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Storage For Kids Room

Bunk Bed With Built-In Storage Cabinet This kids bedroom features three beds — one a trundle, one a regular twin, and one a bunk bed. The walls are painted sea green, there are decorative fish on the wall, and at the foot of the twin bed is a brown storage unit with open-face shelving.

Storage For Kids Room

Multipurpose pieces are key to any functional, hyper-organized space. So when it comes to choosing furniture, like seating, look for ones that have some extra storage. For her kids’ play table, Whitney at Shanty 2 Chic made rolling storage cubes to hold books and other craft supplies.
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Storage For Kids Room

9 Of 10 Try Double-Duty SeatingMultipurpose pieces are key to any functional, hyper-organized space. So when it comes to choosing furniture, like seating, look for ones that have some extra storage. For her kids’ play table, Whitney at Shanty 2 Chic made rolling storage cubes to hold books and other craft supplies.See how she made them here >> Courtesy of Shanty 2 Chic
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Multipurpose pieces are key to any functional, hyper-organized space. So when it comes to choosing furniture, like seating, look for ones that have some extra storage. For her kids’ play table, Whitney at Shanty 2 Chic made rolling storage cubes to hold books and other craft supplies.See how she made them here >>
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Sometimes smart storage is small storage. That was certainly the case in this shared bedroom, decorated by L.A.-based interior designer Sarah Barnard for two young sisters. Large wall units would have crowded the space and overpowered the sweetly subtle design Barnard created for the girls, so instead she added “islands” of storage. Her favorite: the green tea table in the corner. Barnard knew the shape, open shelving and rotating base were perfect for this space, but the piece only came in a stiff mahogany finish. She ordered it anyway, and customized it using an eco-friendly, low-VOC paint from Dunn Edwards. The tiny table went from blah to blissful, and works beautifully not just for tea time, but for anytime.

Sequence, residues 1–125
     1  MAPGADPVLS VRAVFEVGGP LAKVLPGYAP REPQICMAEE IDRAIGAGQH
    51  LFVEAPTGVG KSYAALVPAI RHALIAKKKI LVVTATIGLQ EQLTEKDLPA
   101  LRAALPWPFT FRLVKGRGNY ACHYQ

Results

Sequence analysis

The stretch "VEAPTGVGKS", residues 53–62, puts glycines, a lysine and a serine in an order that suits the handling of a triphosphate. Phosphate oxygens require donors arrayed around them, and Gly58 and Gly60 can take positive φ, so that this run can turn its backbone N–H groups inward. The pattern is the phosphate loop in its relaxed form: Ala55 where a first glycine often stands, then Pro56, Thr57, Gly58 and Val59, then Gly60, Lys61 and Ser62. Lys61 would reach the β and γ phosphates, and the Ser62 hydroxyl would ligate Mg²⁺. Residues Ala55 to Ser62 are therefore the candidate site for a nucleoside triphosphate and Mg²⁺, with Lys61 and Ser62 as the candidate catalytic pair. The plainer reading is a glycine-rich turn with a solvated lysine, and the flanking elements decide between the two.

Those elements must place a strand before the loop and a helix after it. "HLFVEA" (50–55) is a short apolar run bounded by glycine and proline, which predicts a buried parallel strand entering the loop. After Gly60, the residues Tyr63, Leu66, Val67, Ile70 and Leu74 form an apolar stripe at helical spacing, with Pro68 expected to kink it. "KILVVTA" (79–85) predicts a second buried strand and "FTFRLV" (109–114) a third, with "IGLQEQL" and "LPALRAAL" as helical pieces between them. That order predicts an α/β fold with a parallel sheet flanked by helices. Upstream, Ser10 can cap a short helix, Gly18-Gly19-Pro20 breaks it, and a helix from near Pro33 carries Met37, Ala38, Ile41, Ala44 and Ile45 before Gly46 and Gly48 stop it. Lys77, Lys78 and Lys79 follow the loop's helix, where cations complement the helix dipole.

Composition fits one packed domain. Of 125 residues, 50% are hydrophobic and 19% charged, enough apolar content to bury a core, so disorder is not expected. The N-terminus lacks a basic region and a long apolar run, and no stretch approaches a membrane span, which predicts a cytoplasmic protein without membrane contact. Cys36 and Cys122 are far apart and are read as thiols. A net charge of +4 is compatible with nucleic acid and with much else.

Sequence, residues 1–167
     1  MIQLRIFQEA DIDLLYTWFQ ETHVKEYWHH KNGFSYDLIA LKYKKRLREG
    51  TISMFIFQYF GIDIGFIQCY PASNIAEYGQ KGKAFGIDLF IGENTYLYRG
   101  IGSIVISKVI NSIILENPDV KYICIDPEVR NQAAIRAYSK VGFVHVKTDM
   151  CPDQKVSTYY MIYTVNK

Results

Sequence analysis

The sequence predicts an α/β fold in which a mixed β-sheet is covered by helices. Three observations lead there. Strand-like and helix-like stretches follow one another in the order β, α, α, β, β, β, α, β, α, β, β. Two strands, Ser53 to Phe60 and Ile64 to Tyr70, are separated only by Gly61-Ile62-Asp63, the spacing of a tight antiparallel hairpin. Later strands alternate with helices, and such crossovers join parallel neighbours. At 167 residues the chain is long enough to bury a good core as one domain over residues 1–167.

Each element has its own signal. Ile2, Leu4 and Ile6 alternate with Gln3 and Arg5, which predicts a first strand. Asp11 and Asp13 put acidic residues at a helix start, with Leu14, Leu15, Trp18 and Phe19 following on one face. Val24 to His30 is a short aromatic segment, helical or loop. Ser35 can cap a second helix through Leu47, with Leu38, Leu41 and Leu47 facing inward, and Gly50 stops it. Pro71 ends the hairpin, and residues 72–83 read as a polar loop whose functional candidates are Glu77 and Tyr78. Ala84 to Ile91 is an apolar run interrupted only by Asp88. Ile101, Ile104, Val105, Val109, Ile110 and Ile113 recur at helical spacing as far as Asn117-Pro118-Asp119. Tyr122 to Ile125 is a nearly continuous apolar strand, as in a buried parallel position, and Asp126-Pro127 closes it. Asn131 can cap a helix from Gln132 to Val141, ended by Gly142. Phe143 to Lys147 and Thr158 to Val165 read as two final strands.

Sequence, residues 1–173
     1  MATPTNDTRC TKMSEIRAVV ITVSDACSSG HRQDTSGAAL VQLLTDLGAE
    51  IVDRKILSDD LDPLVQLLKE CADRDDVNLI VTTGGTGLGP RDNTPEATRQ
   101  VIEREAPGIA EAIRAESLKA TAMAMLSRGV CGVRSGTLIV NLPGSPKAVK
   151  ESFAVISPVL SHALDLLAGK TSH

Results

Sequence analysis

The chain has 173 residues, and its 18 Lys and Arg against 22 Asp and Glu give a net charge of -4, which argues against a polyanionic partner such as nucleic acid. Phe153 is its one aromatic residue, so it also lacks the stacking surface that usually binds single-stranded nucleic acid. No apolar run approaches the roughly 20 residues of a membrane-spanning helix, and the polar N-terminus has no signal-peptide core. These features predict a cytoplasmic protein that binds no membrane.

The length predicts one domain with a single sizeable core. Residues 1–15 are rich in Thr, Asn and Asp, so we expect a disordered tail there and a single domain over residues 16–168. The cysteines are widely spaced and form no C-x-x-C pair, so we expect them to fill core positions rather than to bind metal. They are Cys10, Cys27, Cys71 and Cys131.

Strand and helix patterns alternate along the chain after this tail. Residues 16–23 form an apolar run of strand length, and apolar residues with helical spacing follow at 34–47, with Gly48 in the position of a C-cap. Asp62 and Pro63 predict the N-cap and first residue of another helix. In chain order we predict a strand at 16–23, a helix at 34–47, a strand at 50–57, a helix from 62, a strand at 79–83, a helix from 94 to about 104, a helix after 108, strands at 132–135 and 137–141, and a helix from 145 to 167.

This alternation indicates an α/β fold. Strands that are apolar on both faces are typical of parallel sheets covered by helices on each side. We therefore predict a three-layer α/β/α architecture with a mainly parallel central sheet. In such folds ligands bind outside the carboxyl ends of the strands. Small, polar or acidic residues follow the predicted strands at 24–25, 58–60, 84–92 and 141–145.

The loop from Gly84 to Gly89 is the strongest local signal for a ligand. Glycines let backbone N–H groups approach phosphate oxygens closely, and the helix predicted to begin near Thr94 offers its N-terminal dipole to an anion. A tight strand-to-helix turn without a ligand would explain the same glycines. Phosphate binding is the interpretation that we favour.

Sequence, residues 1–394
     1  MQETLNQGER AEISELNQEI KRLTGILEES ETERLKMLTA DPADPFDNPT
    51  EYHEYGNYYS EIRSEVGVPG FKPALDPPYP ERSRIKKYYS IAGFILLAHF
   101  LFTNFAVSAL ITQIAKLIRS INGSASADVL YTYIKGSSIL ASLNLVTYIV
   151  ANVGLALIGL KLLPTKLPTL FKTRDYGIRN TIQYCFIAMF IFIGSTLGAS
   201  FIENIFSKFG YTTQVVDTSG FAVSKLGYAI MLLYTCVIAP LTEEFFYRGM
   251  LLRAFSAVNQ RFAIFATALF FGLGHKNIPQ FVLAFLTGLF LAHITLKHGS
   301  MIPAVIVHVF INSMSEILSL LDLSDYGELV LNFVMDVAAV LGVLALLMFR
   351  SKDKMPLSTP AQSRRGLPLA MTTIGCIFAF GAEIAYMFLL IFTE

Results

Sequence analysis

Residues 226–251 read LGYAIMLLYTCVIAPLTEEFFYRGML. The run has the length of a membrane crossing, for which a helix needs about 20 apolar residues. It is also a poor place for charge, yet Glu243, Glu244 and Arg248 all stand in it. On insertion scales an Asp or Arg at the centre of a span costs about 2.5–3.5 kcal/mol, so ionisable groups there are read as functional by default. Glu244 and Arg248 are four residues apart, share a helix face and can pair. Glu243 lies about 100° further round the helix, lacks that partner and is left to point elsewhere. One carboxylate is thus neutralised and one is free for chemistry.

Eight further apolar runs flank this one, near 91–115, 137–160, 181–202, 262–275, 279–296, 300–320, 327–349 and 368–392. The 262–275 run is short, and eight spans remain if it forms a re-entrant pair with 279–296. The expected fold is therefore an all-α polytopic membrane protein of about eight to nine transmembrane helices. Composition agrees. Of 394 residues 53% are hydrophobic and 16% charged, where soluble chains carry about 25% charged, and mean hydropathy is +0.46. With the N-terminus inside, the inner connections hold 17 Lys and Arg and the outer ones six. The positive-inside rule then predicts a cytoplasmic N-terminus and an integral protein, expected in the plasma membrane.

Everyone knows under the bed is a great storage spot, but often the space becomes a disorganized mess full of storage bins and dust bunnies. Designer and blogger Jenna Burger made her own underbed storage carts with wheels to solve this dilemma. Now, items are organized and easily accessible.
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4 Of 10 Look Under the BedEveryone knows under the bed is a great storage spot, but often the space becomes a disorganized mess full of storage bins and dust bunnies. Designer and blogger Jenna Burger made her own underbed storage carts with wheels to solve this dilemma. Now, items are organized and easily accessible.See the full project here >> Courtesy of Jenna Burger Design
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Everyone knows under the bed is a great storage spot, but often the space becomes a disorganized mess full of storage bins and dust bunnies. Designer and blogger Jenna Burger made her own underbed storage carts with wheels to solve this dilemma. Now, items are organized and easily accessible.See the full project here >>
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This kids bedroom features three beds — one a trundle, one a regular twin, and one a bunk bed. The walls are painted sea green, there are decorative fish on the wall, and at the foot of the twin bed is a brown storage unit with open-face shelving.
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New York apartments aren’t exactly known for their ample storage space, but interior decorator and professional organizer Dawn Falcone hit a home run for this active family who needed a place to store their three active kids’ sports equipment. Determined to use every inch of space, Falcone chose adjustable shelving and added a drawer unit on rollers for smaller items like gloves, wrist bands and protective padding. She finished the space with hooks for sweatshirts, tennis rackets and caps.
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Once your kids start walking on their own, they play with more toys during down time. When they are babies, you can easily put the one or two toys away. When they start walking, they can play with more toys so it becomes important to stay on the ball with clever ideas for storage. Here is where you can get creative! Sometimes we might forget or not realize this but creativity as a parent is often needed and here is an example!